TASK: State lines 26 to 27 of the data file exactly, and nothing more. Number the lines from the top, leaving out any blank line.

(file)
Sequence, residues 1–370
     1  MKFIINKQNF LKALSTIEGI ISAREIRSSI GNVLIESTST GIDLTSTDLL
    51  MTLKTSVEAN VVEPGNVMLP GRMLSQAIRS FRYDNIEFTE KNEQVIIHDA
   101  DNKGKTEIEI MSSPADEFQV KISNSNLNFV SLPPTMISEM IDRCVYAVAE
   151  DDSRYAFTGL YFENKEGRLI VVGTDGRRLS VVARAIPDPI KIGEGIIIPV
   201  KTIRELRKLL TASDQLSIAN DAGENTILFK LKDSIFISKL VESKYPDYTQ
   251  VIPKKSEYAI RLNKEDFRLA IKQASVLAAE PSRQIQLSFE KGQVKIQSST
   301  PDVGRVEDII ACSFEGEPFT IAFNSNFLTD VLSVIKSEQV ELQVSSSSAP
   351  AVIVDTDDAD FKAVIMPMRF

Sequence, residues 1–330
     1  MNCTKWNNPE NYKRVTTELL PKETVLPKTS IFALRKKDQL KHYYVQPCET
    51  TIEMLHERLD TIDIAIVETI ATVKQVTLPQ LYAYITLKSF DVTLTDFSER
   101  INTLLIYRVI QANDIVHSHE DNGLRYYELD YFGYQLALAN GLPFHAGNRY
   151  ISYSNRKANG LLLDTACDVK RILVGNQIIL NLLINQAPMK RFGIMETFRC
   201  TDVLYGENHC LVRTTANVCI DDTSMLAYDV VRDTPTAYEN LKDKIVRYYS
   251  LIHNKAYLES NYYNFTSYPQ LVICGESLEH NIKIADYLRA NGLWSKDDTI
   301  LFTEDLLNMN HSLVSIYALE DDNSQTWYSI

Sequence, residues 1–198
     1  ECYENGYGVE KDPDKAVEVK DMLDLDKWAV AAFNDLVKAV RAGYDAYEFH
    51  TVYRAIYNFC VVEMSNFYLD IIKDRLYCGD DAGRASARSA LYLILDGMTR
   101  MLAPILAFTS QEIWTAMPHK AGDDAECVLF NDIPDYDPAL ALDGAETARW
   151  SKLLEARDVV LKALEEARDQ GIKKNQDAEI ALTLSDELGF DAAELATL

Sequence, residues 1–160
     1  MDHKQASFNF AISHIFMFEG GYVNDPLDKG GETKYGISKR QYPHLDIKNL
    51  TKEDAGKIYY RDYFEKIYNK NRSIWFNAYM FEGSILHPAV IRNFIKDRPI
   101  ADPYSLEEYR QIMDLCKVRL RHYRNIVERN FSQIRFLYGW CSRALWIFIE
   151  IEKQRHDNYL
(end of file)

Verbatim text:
   101  ADPYSLEEYR QIMDLCKVRL RHYRNIVERN FSQIRFLYGW CSRALWIFIE
   151  IEKQRHDNYL